With 70 percent of the earth covered by water -- a staggering 1.26 billion trillion gallons of it -- the need for each of us to drink a little more than two liters a day wouldn't seem all that hard to fulfill.
But the reality is not so simple.
Ninety-six percent of the Earth's water is salt water, and much of the rest is tied up in polar ice and permafrost, and non-potable ground water. Less than 1 percent is actually available for people, animals, agriculture, manufacturing, sanitation and hygiene.
It gets even more problematic. Close to one billion people live far from sources of clean, fresh water -- primarily in Africa, Asia and the Caribbean. Many of them are forced to carry water for daily drinking and cooking a punishing distance from the source to their homes. Five gallons -- about 19 liters -- weighs more than 40 pounds, a backbreaking burden for the water bearers, most of whom are women.
The goal of governments and most humanitarian efforts focusing on water is to bring clean, running water to every underserved village and outpost -- a noble endeavor -- but at a cost of untold billions of dollars and a timeframe that stretches decades into the future.
The fact is that people need the water right now, and they need it every day. They can't wait.
Learning about this tragic problem several years ago while watching people struggle to carry water in Haiti, we decided we had to help. Much of the solution already existed in an industrial packing materials factory in Columbus, Ohio.
Our goal was to create a low-cost, easier-to-carry, ergonomic way for people to get those needed gallons of water from the nearest supply to their homes.
The result, after a little tinkering, was PackH2O, a collapsible backpack made from industrial-grade woven polypropylene that holds 5.3 gallons, or about 20 liters.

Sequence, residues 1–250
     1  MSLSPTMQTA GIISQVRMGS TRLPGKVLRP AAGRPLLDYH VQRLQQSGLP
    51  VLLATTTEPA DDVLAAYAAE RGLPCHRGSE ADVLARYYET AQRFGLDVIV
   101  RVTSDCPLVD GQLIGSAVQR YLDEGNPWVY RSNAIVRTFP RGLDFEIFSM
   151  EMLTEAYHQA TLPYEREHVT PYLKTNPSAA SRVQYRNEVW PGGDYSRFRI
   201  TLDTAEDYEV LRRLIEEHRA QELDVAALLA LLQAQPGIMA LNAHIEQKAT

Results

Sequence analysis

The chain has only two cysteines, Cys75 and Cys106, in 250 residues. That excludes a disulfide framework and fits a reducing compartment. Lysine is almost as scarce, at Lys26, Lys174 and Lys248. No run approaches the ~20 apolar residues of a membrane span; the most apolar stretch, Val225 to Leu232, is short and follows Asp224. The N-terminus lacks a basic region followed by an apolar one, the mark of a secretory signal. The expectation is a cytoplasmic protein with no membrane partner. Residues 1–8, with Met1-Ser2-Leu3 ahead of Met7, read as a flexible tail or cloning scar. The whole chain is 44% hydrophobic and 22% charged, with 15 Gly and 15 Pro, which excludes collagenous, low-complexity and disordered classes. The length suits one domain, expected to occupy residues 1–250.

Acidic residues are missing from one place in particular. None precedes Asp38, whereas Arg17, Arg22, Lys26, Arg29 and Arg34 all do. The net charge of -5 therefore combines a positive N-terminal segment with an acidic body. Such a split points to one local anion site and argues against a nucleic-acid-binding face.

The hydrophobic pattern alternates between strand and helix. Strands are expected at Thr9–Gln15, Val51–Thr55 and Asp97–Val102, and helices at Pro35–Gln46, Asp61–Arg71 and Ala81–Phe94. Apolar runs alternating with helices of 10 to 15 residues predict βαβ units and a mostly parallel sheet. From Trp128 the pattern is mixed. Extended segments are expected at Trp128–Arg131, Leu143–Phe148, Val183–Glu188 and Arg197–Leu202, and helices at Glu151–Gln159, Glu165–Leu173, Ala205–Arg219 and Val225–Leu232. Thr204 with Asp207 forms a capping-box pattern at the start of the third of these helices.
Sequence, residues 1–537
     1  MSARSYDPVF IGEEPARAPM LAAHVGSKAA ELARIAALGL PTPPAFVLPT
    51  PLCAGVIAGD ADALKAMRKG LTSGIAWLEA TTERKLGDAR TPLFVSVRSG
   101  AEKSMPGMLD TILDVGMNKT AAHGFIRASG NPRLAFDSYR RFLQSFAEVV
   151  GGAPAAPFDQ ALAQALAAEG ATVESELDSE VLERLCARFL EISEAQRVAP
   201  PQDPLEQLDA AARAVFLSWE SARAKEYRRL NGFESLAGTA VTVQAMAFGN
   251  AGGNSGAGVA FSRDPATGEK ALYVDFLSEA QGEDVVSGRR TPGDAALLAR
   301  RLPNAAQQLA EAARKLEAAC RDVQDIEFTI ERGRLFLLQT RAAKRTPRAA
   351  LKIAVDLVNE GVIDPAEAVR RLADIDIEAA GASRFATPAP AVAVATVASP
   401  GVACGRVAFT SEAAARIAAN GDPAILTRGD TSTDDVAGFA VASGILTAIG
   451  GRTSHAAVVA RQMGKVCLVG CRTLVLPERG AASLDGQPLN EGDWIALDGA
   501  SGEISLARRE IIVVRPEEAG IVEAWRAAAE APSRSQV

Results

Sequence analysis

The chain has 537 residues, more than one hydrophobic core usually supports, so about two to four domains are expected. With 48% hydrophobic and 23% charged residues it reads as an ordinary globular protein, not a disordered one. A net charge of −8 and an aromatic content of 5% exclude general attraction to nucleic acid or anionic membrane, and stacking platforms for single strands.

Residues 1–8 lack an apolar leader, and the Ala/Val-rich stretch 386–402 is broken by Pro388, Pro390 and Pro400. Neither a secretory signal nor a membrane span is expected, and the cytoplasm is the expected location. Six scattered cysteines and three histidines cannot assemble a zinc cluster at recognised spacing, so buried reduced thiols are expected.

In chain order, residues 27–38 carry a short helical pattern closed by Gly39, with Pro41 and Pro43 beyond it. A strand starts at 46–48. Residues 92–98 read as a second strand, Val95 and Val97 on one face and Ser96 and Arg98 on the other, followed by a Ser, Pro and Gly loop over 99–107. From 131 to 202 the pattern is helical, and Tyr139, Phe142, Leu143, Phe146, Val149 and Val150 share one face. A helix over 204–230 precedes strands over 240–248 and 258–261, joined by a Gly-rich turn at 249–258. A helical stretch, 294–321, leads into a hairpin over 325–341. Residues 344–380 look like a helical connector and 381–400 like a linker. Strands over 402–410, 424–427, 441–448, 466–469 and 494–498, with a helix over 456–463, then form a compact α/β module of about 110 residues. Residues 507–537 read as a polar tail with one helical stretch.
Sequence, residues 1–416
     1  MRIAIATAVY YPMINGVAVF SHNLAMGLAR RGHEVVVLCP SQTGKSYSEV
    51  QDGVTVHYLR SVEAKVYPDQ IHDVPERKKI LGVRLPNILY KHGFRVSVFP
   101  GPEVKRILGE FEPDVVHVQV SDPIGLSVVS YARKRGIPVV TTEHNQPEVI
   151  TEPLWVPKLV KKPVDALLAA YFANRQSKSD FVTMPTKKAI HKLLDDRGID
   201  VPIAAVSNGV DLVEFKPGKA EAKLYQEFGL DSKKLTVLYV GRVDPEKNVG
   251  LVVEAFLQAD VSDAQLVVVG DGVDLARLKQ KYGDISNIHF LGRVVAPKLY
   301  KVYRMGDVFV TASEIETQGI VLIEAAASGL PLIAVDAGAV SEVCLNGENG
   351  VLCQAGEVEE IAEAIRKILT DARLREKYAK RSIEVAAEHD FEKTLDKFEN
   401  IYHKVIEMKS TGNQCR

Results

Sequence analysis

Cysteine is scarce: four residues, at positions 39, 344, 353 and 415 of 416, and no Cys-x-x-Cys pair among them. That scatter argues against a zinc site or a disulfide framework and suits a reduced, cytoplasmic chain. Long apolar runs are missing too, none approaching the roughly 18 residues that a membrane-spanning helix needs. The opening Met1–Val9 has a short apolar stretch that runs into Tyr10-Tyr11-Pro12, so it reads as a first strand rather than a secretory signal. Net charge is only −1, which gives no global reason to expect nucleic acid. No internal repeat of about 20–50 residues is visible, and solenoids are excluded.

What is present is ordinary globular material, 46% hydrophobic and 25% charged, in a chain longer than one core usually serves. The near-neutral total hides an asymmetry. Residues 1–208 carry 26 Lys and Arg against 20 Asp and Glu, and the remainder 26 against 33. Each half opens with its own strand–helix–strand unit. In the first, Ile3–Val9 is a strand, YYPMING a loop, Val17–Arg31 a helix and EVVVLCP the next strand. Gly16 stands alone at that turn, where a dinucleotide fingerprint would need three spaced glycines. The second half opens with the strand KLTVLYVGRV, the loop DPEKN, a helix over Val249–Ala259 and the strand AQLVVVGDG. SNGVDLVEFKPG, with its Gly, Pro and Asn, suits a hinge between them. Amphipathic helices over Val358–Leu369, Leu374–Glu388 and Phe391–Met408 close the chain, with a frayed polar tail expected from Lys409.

This simple, affordable, yet revolutionary solution replaces cumbersome pottery crocks, the metal or plastic "jerry" cans often polluted with gasoline or diesel fuel, and other ad hoc water carriers prone to spillage and causing injury to the bearer.
PackH2O is long-lasting, ergonomic, sanitary and in use in many countries already.
The cost to manufacture is under $10 per unit -- magnitudes less than the water pipes we all hope will eventually replace PackH2O, but for now a solution that makes life easier and safer for people living in developing areas, and at a price that is doable for the NGOs and charities serving them.
Independent observers are seeing PackH2O for what it is, a simple, innovative product that has the potential to change millions of lives for the better.
Popular Science magazine called PackH2O, "an elegant solution to a problem faced by millions of people: how to transport drinking water," in its 25th annual Best of What's New roundup.
Global Green USA gave PackH2O the Industrial Design Award in its 13th annual Sustainable Design Awards, recognizing products that promote both design innovation and environmental responsibility.
PackH2O intentionally is a non-profit enterprise. For us, it is a small way of using what we know to give back to the world. But we'd like to see PackH2O become a sustainable business for other entrepreneurs.
We have designed a way for the backpacks to be assembled by micro-businesses near the point of use, so local entrepreneurs can develop effective delivery systems and local workers can earn a living. This enterprise will function most efficiently if those directly affected by its success can buy in to the process.
Because of our expertise in one small area, we have been given the opportunity to make a difference for suffering, impoverished people around the world. Our work, on their behalf, is our reward.